Davis booked for murder, US-Pak stand-off intensifies
Lahore/Islamabad: The tense stand off between the US and Pakistan intensified on Friday as the Lahore police charged American official Raymond Davis of "cold-blooded" murder, ignoring pressure from Washington for his immediate release.
The tussle became murkier as an American channel reported that Obama`s National Security Advisor Tom Donilon threatened to "kick out" the Pakistan envoy Hussain Haqqani, if Islamabad failed to release Davis by today.
But later, both Haqqani and a US embassy spokesperson in Pakistan termed the report as inaccurate.
Davis, 36, who was arrested for shooting down and killing two Pakistanis, was remanded to a further 14 days of judicial custody by a court till the next hearing on February 25.
Rejecting the self defence plea of Davis, Lahore police chief Aslam Tareen said they had framed murder charges against him after finding no proof to back his claim that he had shot and killed two men in self-defence.
"His self-defence plea was considered and keeping in view the witnesses and the forensic (reports), that has been rejected by the investigators," he told a press conference.
The killing of the two men was an "intentional" and "cold blooded murder," Tareen said.
The stand-off between Pakistan and the US over Davis, who Washington says enjoys diplomatic immunity, has taken the already tense relationship between the two countries to a new low.
The US has suspended all high-level contacts with Pakistan and reports have suggested they will not be resumed till Davis is freed. But, top Pakistani leaders have so far rebuffed US demands for Davis to be freed, saying the matter will be decided in court according to the country`s laws.
US lawmakers have also warned that the matter could affect American civil and military aid to Pakistan running into billions of dollars.
Meanwhile, officials in Lahore said police are expected to submit a `challan` or charge-sheet against Davis in court after the completion of his judicial remand.
The ABC report earlier said that US NSA Donilon told Pakistani envoy Haqqani on Monday that the Obama administration will "kick him out of the US", close consulates in Pakistan and cancel President Asif Ali Zardari`s upcoming visit to Washington if Davis is not released by Friday.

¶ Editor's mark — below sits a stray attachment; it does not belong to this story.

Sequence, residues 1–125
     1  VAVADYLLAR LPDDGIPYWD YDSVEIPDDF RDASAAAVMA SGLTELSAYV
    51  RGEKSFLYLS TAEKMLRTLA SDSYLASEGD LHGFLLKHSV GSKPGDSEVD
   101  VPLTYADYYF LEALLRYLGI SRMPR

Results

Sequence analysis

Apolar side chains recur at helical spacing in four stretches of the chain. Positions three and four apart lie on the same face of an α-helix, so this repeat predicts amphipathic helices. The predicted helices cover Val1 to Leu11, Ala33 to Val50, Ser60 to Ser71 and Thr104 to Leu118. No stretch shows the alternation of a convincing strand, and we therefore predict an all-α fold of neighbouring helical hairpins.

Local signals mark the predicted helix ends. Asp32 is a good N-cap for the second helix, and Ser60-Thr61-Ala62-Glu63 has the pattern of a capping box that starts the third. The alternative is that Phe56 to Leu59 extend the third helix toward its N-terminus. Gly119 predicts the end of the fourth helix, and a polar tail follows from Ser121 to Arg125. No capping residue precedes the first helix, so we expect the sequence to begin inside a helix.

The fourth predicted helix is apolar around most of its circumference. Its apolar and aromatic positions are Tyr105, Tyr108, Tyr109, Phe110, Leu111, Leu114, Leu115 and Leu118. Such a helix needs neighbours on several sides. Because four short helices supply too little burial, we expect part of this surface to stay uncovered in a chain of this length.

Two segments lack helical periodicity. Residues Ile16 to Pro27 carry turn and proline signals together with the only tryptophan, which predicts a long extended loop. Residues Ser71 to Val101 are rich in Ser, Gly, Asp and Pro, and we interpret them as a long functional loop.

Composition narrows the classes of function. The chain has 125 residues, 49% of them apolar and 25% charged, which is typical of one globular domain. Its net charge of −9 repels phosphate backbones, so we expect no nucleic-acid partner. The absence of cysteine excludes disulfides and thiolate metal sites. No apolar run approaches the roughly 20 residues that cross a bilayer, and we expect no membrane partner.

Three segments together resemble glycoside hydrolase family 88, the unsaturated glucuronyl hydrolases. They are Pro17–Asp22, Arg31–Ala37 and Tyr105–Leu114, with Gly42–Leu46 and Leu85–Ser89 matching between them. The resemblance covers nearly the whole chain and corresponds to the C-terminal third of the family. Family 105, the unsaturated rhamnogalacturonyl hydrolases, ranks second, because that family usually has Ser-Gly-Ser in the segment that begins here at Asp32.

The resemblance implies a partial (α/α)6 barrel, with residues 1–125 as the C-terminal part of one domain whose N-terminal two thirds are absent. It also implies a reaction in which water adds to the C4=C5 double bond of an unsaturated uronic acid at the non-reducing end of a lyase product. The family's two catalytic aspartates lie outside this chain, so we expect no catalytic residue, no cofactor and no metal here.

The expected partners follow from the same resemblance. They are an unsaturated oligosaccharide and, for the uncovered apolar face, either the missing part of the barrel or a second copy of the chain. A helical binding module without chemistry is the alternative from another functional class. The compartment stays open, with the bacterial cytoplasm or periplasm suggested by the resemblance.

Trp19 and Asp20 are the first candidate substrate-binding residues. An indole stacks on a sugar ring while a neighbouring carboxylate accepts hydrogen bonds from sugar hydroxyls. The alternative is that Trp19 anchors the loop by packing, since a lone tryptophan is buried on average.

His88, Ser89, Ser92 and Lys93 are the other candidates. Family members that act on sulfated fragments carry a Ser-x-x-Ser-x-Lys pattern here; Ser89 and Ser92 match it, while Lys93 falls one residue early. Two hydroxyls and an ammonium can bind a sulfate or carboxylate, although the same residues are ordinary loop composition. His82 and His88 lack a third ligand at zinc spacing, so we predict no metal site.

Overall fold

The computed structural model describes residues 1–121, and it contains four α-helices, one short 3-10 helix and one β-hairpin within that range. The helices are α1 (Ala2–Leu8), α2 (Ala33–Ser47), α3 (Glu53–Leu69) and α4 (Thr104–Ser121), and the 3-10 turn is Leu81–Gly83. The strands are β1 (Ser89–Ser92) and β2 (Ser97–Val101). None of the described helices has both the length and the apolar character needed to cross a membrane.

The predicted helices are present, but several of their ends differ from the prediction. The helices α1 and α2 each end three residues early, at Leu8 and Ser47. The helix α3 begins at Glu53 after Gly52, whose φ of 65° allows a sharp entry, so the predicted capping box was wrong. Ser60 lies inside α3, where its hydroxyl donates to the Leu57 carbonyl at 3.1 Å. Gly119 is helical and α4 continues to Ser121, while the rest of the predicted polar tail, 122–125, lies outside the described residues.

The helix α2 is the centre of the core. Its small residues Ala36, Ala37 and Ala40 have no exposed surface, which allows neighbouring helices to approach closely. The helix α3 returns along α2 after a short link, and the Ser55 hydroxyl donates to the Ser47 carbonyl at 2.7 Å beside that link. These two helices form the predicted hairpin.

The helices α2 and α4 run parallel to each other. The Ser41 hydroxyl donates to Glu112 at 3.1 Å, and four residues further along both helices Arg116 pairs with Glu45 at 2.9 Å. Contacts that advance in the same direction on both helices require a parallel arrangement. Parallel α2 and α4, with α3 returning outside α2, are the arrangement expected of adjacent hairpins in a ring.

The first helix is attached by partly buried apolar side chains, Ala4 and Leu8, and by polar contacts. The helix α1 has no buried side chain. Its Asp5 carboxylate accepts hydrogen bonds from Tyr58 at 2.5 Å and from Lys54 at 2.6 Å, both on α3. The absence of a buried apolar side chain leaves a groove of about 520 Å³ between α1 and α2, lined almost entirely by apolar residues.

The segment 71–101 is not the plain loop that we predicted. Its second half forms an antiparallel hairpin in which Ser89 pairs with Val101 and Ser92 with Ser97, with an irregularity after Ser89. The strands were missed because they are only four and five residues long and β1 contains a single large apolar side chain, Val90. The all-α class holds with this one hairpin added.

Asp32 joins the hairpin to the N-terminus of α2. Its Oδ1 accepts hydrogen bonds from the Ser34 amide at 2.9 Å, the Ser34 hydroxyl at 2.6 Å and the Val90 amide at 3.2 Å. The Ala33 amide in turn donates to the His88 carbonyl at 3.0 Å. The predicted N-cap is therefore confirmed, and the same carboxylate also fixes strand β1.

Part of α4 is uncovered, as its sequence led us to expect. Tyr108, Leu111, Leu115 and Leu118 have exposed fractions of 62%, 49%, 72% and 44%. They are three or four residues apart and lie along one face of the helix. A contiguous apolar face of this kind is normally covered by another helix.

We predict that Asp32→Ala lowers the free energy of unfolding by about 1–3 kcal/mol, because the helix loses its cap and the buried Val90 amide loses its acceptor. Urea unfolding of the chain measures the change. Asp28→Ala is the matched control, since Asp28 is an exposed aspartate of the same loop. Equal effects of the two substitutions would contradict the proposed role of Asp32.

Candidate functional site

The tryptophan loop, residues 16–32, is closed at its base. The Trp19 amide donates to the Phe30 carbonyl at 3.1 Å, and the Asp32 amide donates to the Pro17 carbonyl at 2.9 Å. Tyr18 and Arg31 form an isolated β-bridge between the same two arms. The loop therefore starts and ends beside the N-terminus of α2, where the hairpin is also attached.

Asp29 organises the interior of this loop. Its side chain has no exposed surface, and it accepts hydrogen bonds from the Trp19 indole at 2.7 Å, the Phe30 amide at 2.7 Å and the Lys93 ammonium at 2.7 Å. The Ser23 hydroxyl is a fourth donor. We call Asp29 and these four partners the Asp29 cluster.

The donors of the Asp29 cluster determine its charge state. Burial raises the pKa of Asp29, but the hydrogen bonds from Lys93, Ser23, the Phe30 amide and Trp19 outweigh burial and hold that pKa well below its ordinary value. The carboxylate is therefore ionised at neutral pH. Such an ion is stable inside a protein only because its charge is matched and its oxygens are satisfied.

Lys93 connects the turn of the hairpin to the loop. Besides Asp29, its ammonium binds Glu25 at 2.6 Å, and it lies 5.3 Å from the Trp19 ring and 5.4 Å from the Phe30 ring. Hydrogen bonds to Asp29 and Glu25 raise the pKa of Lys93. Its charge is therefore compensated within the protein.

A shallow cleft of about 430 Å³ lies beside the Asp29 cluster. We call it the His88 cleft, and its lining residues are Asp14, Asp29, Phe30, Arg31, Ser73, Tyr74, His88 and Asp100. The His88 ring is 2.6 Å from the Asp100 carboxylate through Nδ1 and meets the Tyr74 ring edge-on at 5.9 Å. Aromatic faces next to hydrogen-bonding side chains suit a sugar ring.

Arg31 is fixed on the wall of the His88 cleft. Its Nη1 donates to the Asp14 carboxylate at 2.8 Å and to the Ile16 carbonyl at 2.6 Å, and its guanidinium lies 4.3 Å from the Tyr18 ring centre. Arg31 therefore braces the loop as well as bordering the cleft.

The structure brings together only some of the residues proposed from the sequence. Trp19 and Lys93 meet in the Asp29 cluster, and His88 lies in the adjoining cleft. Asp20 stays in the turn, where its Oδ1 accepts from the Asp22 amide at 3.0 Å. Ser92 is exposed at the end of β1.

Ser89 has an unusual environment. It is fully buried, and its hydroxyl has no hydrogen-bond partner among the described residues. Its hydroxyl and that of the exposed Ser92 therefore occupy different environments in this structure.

Haqqani denied the development via Twitter, saying in a message that no "US official, incl the NSA, has conveyed any personal threats 2 me or spoken of extreme measures".
The US embassy in Islamabad also denied the report terming it as "simply inaccurate".
A brief statement issued by the US Embassy`s spokesperson said: "Although we are unable to discuss the substance of a private diplomatic meeting, US Embassy Islamabad can state categorically that the description of the conversation in this report is simply inaccurate".
Davis has claimed that he opened fire after the two armed men followed his car and tried to rob him on January 27 in a Lahore market.
A third Pakistani died after he was hit by a US consulate care rushing to aid Davis.
Davis was initially identified as a consulate official but the US later said he was a diplomat and enjoyed immunity under the Vienna convention.
Video emerged this week of Davis showing his State Department credentials to Pakistani police officers during an interrogation and saying, "I`m a consultant".
Davis was brought to the judicial magistrate`s court in Model Town area of Lahore in an armoured vehicle amidst tight security today.
In an apparent attempt to confuse a large number of local and foreign journalists tracking the movements of Davis, police sent two armoured vehicles to as many courts.
Shortly after the court gave its order, Davis was taken to Kot Lakhpat jail. Authorities had recently made special arrangements for him at the prison.
Earlier, Davis was presented before the judicial magistrate on January 28, when he was remanded to police custody till February 3.
The remand was subsequently extended till February 11.
A report in the News daily said today that the Punjab government will deploy multiple security cordons, including that of Rangers, in the Kot Lakhpat Jail "to pre-empt a possible Hollywood Rambo-style sting operation by the US forces to get Raymond Davis released".